OKDHS to Benefit from New App Created in OKC

Many business owners are just learning about the real benefits of custom application solutions. From specialized operations for brands to time-saving solutions for working parents, the tech world is leading the way into a truly more efficient society. ittybam, an Oklahoma City-based tech consulting company, has created a new product that is poised to revolutionize the way child welfare specialists connect with potential foster parents. The CEO, Daniel France, is on a mission to make these communications exponentially faster, freeing up time for busy child advocates on both ends of the application.

Daniel France and his company, ittybam, have worked with many recognizable brands, including Kia, Caterpillar, Summit Web Conferences, and even presidential campaigns. A prominent member of the Oklahoma tech landscape for about ten years, he quickly moved from sales to management, eventually taking over a small development shop. Soon after, he became the founder of FilmFreeway, the largest film submission service in the world. “It helps filmmakers to submit their works to multiple film festivals at once, view their status and awards. Most importantly, it protects their film from being distributed without their consent,” he elaborated. “It also allows festivals to quickly tell their story, create segments and accept submissions with varying pricing, and to invite their team to judge those submissions from the app.”

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The company’s maxim is straightforward: We. Build. Cool. Shit. Entrepreneurship has been a serial component of France’s life. “Starting ittybam was just the logical step to continue building great products until I could create a new service for the world.” That new service aimed at changing the world is Actovos. “ We believe we will be able to take this solution to other states to help their teams make more informed decisions, and do it faster,” France said. Over the next year, in addition to a growing team and new client endeavors, a high priority for ittybam will be enhancing Actovos for new clients and extending its capabilities to help other industries.

As a part of the StarSpace46 prequel operation, The404, France made the leap to the new facility as one of the founding members. “The connections and relationships we’ve made here have helped propel us to where we are now. They provided us opportunities with new clients, and also resources to help us keep those clients happy,” he said. “If we hadn't been at StarSpace46, I highly doubt we would have had the opportunity to attract the State of Oklahoma to Actovos.”

Where Does the Name StarSpace46 Come From?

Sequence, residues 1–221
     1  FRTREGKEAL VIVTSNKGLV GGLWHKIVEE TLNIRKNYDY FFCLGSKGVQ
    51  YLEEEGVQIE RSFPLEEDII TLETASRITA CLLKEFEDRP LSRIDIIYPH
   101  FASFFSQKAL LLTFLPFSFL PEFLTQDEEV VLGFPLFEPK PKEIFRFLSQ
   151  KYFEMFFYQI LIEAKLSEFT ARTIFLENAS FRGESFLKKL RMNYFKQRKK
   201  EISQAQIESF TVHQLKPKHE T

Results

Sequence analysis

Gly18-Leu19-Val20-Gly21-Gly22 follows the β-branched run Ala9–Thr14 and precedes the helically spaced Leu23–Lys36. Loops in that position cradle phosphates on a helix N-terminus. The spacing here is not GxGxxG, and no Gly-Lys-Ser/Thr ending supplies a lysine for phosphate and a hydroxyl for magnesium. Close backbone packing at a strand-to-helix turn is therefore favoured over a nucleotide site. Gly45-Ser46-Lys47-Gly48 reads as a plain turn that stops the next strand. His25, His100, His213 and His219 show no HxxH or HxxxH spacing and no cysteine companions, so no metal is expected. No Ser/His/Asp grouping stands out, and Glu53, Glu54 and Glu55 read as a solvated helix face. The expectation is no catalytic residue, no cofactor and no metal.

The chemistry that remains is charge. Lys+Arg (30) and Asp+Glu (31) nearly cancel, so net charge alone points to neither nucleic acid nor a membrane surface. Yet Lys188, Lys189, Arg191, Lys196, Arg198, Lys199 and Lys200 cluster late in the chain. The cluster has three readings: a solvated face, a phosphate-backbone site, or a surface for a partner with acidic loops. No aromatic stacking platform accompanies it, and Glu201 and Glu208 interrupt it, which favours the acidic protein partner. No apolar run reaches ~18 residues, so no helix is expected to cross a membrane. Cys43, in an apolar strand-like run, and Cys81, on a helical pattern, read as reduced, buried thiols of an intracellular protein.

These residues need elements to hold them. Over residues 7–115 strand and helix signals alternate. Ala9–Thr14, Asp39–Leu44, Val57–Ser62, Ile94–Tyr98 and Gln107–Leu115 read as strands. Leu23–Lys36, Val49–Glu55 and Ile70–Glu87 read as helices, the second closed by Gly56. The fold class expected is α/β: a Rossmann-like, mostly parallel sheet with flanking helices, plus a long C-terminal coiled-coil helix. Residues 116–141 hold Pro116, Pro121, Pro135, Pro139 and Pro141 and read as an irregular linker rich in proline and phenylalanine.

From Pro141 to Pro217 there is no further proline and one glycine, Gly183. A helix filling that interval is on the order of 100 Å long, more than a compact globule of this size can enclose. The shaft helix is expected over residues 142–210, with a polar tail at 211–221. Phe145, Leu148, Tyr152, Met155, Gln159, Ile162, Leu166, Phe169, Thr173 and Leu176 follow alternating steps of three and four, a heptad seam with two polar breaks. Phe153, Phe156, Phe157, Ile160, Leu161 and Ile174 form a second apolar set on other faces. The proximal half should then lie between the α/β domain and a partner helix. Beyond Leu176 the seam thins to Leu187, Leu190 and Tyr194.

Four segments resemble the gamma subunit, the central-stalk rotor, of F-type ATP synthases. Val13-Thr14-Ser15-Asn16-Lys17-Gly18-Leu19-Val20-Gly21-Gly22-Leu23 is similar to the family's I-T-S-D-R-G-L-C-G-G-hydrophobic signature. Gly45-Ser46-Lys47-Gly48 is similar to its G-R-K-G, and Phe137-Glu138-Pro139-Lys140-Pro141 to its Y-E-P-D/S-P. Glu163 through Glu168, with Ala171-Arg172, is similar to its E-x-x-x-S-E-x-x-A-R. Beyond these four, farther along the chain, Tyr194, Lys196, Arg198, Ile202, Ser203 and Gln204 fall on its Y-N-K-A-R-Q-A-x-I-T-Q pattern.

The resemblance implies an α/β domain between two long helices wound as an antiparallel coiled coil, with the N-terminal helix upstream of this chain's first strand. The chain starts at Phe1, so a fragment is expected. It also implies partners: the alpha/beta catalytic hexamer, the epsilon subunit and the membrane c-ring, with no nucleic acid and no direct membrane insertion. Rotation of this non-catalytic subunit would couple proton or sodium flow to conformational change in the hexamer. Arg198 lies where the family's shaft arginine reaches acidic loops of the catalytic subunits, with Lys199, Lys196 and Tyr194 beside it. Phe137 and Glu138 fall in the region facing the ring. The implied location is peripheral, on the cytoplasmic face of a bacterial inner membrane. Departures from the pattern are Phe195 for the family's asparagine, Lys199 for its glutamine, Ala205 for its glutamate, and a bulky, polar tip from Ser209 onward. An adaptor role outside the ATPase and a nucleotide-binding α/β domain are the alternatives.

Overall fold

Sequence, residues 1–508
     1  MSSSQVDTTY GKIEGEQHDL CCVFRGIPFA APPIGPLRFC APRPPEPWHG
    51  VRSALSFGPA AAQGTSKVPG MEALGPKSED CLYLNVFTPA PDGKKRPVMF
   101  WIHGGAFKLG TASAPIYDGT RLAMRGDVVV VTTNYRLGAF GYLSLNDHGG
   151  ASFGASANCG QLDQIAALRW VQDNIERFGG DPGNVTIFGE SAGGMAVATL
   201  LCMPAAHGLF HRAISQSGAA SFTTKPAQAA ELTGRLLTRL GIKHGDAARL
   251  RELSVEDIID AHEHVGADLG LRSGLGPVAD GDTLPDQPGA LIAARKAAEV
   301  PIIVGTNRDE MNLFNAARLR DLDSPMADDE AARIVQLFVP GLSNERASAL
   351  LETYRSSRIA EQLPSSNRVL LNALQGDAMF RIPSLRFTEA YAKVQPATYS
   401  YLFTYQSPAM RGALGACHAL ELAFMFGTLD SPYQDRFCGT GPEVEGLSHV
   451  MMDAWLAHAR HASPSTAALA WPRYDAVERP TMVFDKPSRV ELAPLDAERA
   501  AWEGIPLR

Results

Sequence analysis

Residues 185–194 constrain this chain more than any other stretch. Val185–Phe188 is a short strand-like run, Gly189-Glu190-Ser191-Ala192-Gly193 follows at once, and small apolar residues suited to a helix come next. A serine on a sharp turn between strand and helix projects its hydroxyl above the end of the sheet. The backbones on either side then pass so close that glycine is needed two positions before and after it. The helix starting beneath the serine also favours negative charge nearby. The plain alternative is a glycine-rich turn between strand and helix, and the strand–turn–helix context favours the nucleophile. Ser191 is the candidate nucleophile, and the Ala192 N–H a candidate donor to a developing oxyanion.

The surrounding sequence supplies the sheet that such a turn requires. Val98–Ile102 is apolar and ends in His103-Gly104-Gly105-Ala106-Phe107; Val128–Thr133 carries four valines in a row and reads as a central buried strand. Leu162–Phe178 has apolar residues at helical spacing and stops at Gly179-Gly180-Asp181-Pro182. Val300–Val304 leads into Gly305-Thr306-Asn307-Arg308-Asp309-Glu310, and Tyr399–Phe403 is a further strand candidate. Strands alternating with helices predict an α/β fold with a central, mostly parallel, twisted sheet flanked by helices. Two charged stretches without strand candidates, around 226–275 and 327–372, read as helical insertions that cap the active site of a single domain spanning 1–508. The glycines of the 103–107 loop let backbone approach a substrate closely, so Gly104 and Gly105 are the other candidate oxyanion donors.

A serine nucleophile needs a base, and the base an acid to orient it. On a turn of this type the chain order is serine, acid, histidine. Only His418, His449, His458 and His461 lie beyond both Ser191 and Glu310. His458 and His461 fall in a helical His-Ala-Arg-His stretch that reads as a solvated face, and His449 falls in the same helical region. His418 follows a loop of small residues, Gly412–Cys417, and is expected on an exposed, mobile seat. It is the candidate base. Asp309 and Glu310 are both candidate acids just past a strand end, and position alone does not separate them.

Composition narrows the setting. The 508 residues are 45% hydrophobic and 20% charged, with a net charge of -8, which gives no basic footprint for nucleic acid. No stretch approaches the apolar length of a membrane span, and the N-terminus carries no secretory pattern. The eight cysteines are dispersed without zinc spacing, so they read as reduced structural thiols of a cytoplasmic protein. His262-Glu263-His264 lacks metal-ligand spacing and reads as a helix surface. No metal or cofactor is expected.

When people visit our event and coworking spaces for the first time, they often ask where the name StarSpace46 originated. While the brand certainly conjures up images of exploring the galaxy and shooting off into the night sky, the inspiration is quite down-to-earth. The name was in fact chosen because, like the organization, it is distinctly Oklahoman.

Oklahoma was the 46th state admitted to the union. The original state flag, adopted in 1911, was bright red, taking cues from the state's own name. The term "Oklahoma" is a portmanteau of the Choctaw Indian words for people, "okla," and "humma," which means red. In the center of this original flag stood the number 46, framed by a proud white star and outlined in blue. 1923 would become a significant date in the Oklahoma history timeline, however, when the newly formed Soviet Union began using red flags to promote their regime.

 By Mysid [Public domain], via Wikimedia Commons

To avoid drawing unfavorable comparisons between communism and the 46th state, Oklahoma changed to the beautiful sky-blue version we know today. The modern Oklahoma flag design features an Osage shield crossed by two symbols of harmony: a Plains-style ceremonial pipe and a natural olive branch.  

In a nod to our state's history, the original "Star 46" flag has seen a resurgence in Oklahoma City, symbolizing a shift in attitudes with young people, business owners, and community leaders. The red "Star 46" flag can now be seen flying outside of houses, on license plates, adorning hats, and, for those deeply inspired the icon, tattooed on forearms. It has become a symbol of a do-it-yourself attitude and local pride, two qualities that are very important to the team at StarSpace46.

 By xrmap flag collection 2.7. (File:Flag of Oklahoma.svg) [Public domain], via Wikimedia Commons

With an inclination towards supporting local craftspersons, artists, and businesses, the historic Star 46 flag now serves as a badge of honor for OKC's renaissance, and a rejection of the status quo. It indicates the need to rally and change the landscape, attracting more local businesses to stay and expand trade in our state. Also, to become active politically and make this an even better place to live and do business. We've intentionally stayed away from the use of the original red colors or the current state flag's blue colors to remain politically "neutral," and avoid any connotations of supporting conservative, liberal, or socialist ideas that the colors of the original flag may suggest to some.